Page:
PZT (Lead Zirconate Titanate (Pb(Zr,Ti)O3)) is currently the dominating piezoelectric material when it comes to achieving high strains and forces at a given voltage. It is more than a factor 10 better than AlN or ZnO in this respect. PZT thin film integration onto silicon wafers for MEMS applications started around 1990 and industry interest is growing rapidly.
Compared to AlN, PZT thin film integration, process and property optimization has been much more difficult. Extensive work has been done to develop procedures to nucleate the correct phase (perovskite) with a specific orientation. Process temperatures for PZT are high, typically 650 °C, making chemical interdiffusion and electrode instabilities a challenging problem. Typically, electrodes of a noble metal such at platinum must be used.
It is not possible to grow PZT directly on silicon because of interfacial reactions and Pb-Si interdiffusion at elevated temperatures. Platinum both exhibits the needed conductivity to act as an electrode, diffusion barrier properties and lattice matching to PZT. Secondly, another configuration is interdigitated electrodes. In this case PZT must be grown with an insulating diffusion barrier as ZrO2 or TiO2 between the film and the silicon wafer.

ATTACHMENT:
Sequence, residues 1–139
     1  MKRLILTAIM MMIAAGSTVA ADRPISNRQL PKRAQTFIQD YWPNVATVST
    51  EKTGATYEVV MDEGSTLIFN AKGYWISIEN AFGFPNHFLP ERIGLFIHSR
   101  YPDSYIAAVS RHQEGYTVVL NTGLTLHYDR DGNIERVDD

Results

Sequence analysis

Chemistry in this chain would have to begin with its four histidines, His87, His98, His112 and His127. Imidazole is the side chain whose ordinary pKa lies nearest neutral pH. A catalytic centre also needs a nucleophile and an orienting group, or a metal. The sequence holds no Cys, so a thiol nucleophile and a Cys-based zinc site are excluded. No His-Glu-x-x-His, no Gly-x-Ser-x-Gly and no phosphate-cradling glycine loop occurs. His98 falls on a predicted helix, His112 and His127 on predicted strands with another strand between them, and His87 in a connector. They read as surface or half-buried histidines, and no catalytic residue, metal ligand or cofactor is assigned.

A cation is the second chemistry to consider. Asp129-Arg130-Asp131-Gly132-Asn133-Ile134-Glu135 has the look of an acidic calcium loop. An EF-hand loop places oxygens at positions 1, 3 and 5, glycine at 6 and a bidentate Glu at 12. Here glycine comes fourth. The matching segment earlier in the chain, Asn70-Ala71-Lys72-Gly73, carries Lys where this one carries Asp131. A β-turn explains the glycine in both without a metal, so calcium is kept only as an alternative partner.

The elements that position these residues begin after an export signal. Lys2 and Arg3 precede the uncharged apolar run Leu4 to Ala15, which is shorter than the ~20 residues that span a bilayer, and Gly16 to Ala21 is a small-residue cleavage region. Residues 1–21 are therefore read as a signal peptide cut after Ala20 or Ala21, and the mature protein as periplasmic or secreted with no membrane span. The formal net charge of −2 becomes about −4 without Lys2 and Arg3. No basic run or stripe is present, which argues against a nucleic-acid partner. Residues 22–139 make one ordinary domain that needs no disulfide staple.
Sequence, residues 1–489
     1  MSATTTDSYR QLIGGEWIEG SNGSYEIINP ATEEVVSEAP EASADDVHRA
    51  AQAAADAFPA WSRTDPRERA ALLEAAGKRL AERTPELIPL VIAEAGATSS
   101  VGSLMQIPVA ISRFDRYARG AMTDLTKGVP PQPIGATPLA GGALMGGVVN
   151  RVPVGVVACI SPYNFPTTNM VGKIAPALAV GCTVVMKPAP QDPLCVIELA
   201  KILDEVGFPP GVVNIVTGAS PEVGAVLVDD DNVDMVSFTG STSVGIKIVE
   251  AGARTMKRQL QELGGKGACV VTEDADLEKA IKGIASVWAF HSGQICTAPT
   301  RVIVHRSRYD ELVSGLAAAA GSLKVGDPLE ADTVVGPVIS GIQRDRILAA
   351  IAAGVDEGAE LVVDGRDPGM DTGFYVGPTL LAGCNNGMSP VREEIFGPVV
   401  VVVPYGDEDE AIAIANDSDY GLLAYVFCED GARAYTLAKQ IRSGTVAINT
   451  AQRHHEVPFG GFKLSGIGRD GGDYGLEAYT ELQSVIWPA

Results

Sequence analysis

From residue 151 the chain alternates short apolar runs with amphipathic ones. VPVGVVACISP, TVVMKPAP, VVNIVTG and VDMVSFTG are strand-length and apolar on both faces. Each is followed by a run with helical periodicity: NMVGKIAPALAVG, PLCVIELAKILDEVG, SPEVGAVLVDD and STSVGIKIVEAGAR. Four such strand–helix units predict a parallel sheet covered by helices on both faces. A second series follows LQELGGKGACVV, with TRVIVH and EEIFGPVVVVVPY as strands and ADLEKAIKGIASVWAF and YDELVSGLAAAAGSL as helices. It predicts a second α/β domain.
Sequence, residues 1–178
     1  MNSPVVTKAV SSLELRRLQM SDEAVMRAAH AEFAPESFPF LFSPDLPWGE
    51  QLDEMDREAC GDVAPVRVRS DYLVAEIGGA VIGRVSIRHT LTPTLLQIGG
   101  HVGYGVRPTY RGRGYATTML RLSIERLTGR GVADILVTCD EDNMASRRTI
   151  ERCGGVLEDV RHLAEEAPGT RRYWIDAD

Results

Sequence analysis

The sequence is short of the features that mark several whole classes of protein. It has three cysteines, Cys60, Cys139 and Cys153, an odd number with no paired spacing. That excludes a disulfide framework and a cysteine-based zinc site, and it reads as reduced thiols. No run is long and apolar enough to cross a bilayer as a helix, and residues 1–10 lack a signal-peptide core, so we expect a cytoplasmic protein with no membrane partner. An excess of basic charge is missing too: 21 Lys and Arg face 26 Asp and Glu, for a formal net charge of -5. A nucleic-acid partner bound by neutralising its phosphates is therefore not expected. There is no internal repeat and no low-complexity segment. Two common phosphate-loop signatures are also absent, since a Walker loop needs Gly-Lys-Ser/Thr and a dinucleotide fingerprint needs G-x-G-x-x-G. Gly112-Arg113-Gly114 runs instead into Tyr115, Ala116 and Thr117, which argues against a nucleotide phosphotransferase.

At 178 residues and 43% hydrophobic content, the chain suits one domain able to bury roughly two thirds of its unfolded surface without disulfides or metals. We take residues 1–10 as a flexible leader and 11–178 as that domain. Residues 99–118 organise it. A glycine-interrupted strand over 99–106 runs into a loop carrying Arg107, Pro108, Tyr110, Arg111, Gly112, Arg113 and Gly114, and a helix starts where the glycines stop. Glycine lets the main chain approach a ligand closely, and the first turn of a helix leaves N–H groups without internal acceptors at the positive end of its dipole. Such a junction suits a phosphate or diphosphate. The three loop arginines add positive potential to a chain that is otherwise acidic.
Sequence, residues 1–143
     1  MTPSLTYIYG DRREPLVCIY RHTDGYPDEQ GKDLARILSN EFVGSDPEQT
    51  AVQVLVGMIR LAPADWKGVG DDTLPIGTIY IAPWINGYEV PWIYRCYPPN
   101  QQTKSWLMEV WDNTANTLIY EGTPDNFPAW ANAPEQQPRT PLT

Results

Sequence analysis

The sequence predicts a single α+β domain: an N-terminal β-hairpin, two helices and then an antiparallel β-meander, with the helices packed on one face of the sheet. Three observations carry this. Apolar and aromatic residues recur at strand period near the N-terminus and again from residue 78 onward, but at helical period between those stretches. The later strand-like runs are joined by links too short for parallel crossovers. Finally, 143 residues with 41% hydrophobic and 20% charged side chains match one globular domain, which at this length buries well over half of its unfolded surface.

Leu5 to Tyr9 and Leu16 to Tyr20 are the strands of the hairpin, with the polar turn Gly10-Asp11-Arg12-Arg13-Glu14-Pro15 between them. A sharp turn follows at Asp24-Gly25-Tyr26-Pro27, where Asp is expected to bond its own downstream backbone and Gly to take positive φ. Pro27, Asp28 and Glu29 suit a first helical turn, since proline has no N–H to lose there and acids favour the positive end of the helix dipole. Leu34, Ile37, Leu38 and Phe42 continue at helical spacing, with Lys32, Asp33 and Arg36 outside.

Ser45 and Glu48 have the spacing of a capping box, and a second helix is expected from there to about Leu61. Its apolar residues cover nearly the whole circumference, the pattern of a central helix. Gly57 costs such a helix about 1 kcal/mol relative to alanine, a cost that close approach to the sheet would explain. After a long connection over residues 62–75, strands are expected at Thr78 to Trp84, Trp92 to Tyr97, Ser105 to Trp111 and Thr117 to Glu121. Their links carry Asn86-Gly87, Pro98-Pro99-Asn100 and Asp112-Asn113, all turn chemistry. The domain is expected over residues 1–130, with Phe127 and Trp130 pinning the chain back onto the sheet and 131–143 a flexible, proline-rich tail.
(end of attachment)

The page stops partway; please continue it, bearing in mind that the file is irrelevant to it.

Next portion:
Much progress in improving PZT thin films and their properties has been made during the last 20 years. A good indicator of the progress is the transverse piezoelectric coefficient e31,f relevant to most of the lower frequency (< 10 MHz) applications, and being proportional to stiffness coefficients, indicating as well the film density.
The quality of integrated PZT has been improved very much, and surpasses today’s epitaxial films. This can only be explained by domain contributions that seem to be stronger in polycrystalline thin film on platinum, than in epitaxial films on perovskite substrates.
The improvement of piezoelectricity in PZT and related thin films over the years. The numbers aside of the dots indicate the film thickness in microns. By courtesy of Paul Muralt.
Published April 22, 2010